As shown in the below image, the table “customer” consists of three rows, namely KiranManjunath and Prateek with a single column family named “order” and its column qualifier name as the number.

Expected Output:

We can refer to the below screenshot to see the what the expected output will be.

Source Code :

package com.acadgild.hbase;


import java.util.Iterator;

import org.apache.hadoop.conf.Configuration;

import org.apache.hadoop.hbase.HBaseConfiguration;

import org.apache.hadoop.hbase.client.HTable;

import org.apache.hadoop.hbase.client.Result;

import org.apache.hadoop.hbase.client.ResultScanner;

import org.apache.hadoop.hbase.client.Scan;

import org.apache.hadoop.hbase.filter.CompareFilter.CompareOp;

import org.apache.hadoop.hbase.filter.SingleColumnValueFilter;

import org.apache.hadoop.hbase.util.Bytes;

public class Filter_ColumnValue {
public static void main(String[] args) throws IOException {
Configuration conf = HBaseConfiguration.create();
HTable table = new HTable(conf,"customer");
SingleColumnValueFilter filter = new SingleColumnValueFilter(Bytes.toBytes("order"),Bytes.toBytes("number"),CompareOp.EQUAL,Bytes.toBytes("ACD-15"));
Scan scan = new Scan();
ResultScanner result = table.getScanner(scan);
for(Result res:result){
byte[] val = res.getValue(Bytes.toBytes("order"), Bytes.toBytes("number"));
System.out.println("Row-value Found: "+Bytes.toString(val));

Here’s the explanation of each line of code:

  • In line 1, we are declaring a class name Filter_ColumnValue.

  • In line 3, the Configuration class adds HBase configuration resources to its object conf with the help of create() method of the HBaseConfiguration class.

  • In line 4, the class HTable instance “table” will allow to communicate with a single HBase table, it accepts configuration object and the table name as the parameters.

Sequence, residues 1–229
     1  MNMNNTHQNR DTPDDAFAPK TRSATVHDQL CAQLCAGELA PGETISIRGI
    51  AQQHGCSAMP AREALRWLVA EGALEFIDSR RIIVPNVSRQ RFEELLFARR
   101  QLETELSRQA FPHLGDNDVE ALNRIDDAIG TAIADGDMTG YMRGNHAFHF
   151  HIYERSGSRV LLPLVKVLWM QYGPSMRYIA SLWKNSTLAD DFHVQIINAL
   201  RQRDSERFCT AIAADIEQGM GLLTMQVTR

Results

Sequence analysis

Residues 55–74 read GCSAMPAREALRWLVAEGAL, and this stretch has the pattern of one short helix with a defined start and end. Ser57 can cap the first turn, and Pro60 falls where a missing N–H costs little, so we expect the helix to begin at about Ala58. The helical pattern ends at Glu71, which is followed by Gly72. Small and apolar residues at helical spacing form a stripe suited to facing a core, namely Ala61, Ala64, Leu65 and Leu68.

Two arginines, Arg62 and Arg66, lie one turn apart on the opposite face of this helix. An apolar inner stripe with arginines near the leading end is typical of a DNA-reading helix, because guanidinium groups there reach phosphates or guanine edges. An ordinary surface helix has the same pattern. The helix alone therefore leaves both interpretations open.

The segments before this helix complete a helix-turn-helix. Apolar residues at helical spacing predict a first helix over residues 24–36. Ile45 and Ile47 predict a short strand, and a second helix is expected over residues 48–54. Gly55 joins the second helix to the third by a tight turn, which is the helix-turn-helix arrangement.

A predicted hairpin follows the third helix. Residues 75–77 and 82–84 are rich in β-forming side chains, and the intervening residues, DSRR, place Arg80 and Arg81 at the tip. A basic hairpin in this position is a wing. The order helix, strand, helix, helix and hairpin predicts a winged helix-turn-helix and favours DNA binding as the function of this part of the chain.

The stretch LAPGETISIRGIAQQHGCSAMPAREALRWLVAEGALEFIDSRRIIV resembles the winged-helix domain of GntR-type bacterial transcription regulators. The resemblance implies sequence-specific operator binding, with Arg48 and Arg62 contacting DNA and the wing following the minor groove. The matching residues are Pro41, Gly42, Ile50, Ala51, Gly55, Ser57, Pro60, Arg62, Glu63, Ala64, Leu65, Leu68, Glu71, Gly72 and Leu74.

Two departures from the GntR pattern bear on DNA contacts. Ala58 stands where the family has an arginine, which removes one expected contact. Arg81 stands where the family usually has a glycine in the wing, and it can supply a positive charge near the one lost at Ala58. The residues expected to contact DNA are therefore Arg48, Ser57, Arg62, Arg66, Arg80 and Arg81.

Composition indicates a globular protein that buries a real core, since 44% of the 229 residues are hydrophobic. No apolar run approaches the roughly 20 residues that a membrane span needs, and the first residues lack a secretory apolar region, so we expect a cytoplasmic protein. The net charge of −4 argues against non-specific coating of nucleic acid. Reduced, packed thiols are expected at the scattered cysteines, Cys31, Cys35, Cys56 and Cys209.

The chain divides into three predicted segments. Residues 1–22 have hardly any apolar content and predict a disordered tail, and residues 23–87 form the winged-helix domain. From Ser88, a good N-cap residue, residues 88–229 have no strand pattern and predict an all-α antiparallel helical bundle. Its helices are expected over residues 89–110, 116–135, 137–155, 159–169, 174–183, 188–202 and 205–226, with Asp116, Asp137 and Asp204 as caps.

• In line 5, we are using the class SingleColumnValueFilter to filter the cells based on the value. It takes a CompareFilter.CompareOp operator (equal, greater, not equal, etc), and either a byte[] value or a ByteArrayComparable.

Here, “order” is the column family name, “number” is its column qualifier name, and “ACD-15” is the value in the table “customer”. We are using CompareOp.EQUAL operator to check whether the value “ACD-15” is present in the column family qualifier name “number”.

  • In line 6, to prevent the entire row from being omitted if the column is not found on a row, we are using setFilterMissing(boolean) method. If the column is found, the entire row will be omitted only if the value passes. If the value fails, the row will be filtered out.

  • In line 7, we are creating class Scan “scan” instance to perform Scan operations.

  • In line 8, we are using setFilter method to perform Filter operation on by column.

  • In line 9, we are declaring ResultScanner instance “result” which returns a scanner on the current table “customer” as specified by the Scan object.

  • In line 10, a foreach loop is taken, which will run each time for the rows inside the “customer” table until the result scanner value is found.

  • In line 11, we are storing the value “ACD-15”, if it is found in the table “customer” in the variable val.

  • In line 12, we are printing the variable value with the String “Row-value Found”.

  • In line 14, we are closing the table operation..


From the below screenshot, we can see that a successful message is thrown stating ROW – value Found: ACD -15.

Thus, from the above steps we can observe that how HBase custom Filter helped us to retrieve a column family value by scanning in particular column family which was passed as an argument in the program instead of scanning the whole table.

We hope this post has been helpful in understanding the concept of Filters in HBase, for retrieving results from a HBase database. In case of any queries, feel free to comment below and we will get back to you at the earliest.